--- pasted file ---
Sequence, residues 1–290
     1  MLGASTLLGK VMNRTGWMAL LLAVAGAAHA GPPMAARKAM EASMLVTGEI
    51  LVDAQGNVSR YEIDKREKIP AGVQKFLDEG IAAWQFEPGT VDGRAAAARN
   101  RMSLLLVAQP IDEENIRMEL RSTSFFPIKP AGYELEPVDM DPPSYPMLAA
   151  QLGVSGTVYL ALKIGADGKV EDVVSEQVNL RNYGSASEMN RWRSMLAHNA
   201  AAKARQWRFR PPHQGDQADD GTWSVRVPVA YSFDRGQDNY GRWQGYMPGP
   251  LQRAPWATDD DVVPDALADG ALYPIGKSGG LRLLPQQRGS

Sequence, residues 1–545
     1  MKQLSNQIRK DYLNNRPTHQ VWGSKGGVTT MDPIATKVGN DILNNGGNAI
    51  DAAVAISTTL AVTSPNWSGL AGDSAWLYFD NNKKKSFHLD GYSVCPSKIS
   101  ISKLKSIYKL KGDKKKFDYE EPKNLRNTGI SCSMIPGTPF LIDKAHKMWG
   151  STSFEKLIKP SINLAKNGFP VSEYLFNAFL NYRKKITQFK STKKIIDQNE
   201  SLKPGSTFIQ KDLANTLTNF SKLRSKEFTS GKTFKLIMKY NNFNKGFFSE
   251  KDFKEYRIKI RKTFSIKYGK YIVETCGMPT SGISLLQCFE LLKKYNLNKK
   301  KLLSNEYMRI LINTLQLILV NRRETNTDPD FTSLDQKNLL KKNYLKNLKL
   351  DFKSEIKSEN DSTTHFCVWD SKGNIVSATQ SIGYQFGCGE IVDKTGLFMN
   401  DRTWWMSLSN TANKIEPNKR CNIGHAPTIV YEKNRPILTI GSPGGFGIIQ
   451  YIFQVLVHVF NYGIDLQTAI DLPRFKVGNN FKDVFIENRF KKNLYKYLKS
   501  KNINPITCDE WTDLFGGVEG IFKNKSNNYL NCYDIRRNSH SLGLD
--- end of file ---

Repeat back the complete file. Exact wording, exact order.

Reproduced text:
Sequence, residues 1–290
     1  MLGASTLLGK VMNRTGWMAL LLAVAGAAHA GPPMAARKAM EASMLVTGEI
    51  LVDAQGNVSR YEIDKREKIP AGVQKFLDEG IAAWQFEPGT VDGRAAAARN
   101  RMSLLLVAQP IDEENIRMEL RSTSFFPIKP AGYELEPVDM DPPSYPMLAA
   151  QLGVSGTVYL ALKIGADGKV EDVVSEQVNL RNYGSASEMN RWRSMLAHNA
   201  AAKARQWRFR PPHQGDQADD GTWSVRVPVA YSFDRGQDNY GRWQGYMPGP
   251  LQRAPWATDD DVVPDALADG ALYPIGKSGG LRLLPQQRGS

Sequence, residues 1–545
     1  MKQLSNQIRK DYLNNRPTHQ VWGSKGGVTT MDPIATKVGN DILNNGGNAI
    51  DAAVAISTTL AVTSPNWSGL AGDSAWLYFD NNKKKSFHLD GYSVCPSKIS
   101  ISKLKSIYKL KGDKKKFDYE EPKNLRNTGI SCSMIPGTPF LIDKAHKMWG
   151  STSFEKLIKP SINLAKNGFP VSEYLFNAFL NYRKKITQFK STKKIIDQNE
   201  SLKPGSTFIQ KDLANTLTNF SKLRSKEFTS GKTFKLIMKY NNFNKGFFSE
   251  KDFKEYRIKI RKTFSIKYGK YIVETCGMPT SGISLLQCFE LLKKYNLNKK
   301  KLLSNEYMRI LINTLQLILV NRRETNTDPD FTSLDQKNLL KKNYLKNLKL
   351  DFKSEIKSEN DSTTHFCVWD SKGNIVSATQ SIGYQFGCGE IVDKTGLFMN
   401  DRTWWMSLSN TANKIEPNKR CNIGHAPTIV YEKNRPILTI GSPGGFGIIQ
   451  YIFQVLVHVF NYGIDLQTAI DLPRFKVGNN FKDVFIENRF KKNLYKYLKS
   501  KNINPITCDE WTDLFGGVEG IFKNKSNNYL NCYDIRRNSH SLGLD